Fish, Cameras, Action - Four is Better than One

I rarely am ever satisfied with my hobbies and I am always trying to make things complex and interesting. When I first started kayak fishing, I took a very basic Old Town Otter and transformed it into a complex boat that helped me take third place in my first kayak fishing derby - which took place while the Willamette River was nearly at flood stage.

Needless to say I was totally hooked and the next weekend I bought a real sit-in fishing kayak. I tricked it out, bought another, modified it (I still have it) for fly fishing and sold the sit-in. The Hobie Outback is proving to be my favorite ride so far and I keep modifying it as I continue to explore kayak fly angling.


My current obsession involves shooting video while fishing on the kayak. Of course I started with one camera (an Olympus Stylus 1030), and shot some great video and stills. I then borrowed the GoPro Hero my wife had. I then decided I need to capture audio so I bought a Kodak PlaySport and added the wide angle lens. Recently I added the Drift HD170, because it has a real audio input. Of course I also had to get a microphone and adapter. I then decided it would be great to have different angles of the video I shoot. So, I built three video mounts, including one for underwater video, out of pvc and various other materials. I also built a custom head mount for the Drift.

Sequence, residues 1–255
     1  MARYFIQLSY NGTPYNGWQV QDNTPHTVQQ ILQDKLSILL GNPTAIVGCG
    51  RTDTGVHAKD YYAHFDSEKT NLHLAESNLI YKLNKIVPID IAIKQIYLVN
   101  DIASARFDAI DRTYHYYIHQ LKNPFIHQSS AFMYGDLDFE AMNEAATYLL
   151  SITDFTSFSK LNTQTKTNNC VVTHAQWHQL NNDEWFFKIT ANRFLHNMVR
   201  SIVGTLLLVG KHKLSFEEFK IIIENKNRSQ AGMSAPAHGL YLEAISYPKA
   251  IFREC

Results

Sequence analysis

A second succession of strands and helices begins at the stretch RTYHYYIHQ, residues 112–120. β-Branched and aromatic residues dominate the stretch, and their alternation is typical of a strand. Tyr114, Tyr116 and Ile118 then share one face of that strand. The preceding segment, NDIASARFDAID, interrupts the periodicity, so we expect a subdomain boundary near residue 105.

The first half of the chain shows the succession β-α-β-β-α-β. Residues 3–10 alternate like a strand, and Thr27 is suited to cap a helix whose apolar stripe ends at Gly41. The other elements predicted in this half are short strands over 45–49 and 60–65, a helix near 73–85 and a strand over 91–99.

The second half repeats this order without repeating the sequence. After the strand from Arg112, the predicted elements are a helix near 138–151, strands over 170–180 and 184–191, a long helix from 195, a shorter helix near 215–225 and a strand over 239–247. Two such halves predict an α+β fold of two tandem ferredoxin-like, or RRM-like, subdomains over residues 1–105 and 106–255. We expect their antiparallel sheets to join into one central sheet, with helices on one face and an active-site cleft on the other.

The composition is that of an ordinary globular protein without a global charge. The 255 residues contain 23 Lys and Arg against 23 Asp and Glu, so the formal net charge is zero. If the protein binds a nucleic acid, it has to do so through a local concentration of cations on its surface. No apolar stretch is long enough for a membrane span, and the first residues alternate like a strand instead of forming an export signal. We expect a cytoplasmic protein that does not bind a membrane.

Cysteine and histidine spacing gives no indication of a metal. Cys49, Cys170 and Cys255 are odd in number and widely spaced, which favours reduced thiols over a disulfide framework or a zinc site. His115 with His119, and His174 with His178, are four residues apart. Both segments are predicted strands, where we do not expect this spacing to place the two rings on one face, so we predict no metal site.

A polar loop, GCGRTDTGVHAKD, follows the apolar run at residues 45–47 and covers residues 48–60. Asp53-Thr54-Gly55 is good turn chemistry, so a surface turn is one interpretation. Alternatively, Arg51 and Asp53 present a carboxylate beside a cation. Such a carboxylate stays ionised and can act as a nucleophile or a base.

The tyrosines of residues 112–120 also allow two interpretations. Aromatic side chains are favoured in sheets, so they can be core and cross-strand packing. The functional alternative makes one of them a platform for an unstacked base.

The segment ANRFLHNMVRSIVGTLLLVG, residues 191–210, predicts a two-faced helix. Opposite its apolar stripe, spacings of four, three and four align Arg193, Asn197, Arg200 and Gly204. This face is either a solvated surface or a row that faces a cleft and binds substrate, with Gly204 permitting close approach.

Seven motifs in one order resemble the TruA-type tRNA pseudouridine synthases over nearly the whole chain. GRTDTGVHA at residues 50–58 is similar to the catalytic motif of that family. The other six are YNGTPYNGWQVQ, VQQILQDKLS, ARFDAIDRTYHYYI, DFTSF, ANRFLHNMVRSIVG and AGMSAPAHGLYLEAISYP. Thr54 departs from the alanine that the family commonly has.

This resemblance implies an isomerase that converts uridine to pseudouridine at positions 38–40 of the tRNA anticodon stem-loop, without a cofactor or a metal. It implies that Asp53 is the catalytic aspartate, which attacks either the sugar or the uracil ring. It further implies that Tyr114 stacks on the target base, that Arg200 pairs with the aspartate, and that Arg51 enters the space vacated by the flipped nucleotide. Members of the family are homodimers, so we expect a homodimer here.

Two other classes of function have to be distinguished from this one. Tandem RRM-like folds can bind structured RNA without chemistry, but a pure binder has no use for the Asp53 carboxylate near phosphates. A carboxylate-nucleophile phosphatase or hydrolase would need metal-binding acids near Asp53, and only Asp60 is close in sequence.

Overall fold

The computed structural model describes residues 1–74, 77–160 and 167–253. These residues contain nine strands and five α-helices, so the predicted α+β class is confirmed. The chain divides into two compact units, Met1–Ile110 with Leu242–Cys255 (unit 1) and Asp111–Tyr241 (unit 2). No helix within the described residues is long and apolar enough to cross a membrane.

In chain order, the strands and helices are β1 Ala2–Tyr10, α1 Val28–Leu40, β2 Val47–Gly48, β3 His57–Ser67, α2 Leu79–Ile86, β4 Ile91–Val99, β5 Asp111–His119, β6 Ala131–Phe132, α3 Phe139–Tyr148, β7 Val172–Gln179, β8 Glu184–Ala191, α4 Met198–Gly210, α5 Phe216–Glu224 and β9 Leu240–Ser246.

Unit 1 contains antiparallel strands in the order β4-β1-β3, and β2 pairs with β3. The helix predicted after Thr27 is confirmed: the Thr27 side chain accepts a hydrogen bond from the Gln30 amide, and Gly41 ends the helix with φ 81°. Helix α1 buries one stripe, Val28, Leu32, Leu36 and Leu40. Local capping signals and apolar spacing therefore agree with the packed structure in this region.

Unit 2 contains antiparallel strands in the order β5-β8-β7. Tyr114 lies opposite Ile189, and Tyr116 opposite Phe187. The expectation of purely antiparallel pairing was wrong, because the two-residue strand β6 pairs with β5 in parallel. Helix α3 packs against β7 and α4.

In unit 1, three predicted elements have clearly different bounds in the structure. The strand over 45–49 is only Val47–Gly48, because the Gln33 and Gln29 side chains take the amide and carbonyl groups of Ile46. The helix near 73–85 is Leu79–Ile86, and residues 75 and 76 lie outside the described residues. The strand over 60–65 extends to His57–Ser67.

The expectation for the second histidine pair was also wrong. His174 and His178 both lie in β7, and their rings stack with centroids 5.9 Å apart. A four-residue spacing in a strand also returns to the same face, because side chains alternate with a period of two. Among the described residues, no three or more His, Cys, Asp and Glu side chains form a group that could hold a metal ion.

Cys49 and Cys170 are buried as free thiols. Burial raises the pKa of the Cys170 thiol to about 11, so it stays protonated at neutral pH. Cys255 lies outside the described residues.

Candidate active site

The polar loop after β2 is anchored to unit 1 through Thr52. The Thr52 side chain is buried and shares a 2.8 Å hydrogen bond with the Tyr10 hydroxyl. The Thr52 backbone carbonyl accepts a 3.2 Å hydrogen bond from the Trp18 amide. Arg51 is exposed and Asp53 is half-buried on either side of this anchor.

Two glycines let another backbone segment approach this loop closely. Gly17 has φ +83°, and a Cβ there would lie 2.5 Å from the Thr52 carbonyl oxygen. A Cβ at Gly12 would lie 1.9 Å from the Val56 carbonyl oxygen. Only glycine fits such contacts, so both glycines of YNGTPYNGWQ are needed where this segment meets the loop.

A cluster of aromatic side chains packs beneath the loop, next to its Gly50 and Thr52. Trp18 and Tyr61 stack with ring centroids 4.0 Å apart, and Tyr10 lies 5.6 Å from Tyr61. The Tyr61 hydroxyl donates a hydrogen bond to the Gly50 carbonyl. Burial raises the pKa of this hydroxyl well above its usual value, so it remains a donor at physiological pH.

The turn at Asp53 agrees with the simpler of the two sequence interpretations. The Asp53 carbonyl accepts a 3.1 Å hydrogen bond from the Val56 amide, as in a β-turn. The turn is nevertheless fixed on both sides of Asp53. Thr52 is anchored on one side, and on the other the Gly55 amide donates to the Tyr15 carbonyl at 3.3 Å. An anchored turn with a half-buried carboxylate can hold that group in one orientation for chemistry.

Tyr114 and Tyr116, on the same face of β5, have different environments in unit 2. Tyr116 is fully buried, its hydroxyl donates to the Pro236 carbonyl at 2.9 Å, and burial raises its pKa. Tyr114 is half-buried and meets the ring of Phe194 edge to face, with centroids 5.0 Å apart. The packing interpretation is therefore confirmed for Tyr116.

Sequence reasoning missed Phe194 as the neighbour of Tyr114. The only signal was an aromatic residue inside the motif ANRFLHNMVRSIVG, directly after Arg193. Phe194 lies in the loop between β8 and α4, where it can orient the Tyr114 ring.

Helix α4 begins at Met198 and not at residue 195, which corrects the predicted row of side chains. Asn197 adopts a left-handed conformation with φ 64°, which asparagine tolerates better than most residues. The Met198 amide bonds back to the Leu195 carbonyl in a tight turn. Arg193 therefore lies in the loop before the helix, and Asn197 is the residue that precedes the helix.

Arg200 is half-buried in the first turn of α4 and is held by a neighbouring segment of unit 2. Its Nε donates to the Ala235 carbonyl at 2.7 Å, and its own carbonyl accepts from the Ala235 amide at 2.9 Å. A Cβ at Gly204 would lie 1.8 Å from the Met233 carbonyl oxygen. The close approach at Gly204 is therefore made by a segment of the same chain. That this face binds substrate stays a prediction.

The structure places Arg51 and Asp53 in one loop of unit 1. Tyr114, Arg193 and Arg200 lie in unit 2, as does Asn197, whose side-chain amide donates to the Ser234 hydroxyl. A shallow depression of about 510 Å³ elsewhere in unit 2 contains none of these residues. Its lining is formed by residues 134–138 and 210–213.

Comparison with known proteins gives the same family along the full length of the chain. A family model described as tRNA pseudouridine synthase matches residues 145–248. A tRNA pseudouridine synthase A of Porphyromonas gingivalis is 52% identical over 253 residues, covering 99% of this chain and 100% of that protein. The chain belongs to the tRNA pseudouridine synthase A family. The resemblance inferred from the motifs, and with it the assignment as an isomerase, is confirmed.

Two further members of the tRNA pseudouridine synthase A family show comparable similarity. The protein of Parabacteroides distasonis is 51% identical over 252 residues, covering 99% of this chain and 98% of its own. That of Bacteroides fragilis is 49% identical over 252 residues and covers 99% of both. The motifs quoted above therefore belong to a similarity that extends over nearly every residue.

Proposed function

Running that many cameras is complicated, especially if I want to capture the action, which is not always planned while fly fishing. I decided to do a test and I needed a fish that was easier to anticipate the catching process. The sturgeon was the obvious choice. This is because the fish bites for up to a minute allowing me to turn all the cameras before the action begins. I was able to find some good talent that worked for smelt, and the test proved successful, at least as far as the video recording. I have edited the film and it is now available on my YouTube Channel, kayakflyangler, or you can click here.

Let me know what you think. I plan on expanding my film subjects and adding on-water commentary in addition to the thematic music. And, if any video companies wants to send me cameras to test, I am more than willing.

My current cameras include the Drift HD170 (on my head), the Kodak (behind me), the GoPro (next to the fish finder, and the Olympus Sylus (the underwater shots).

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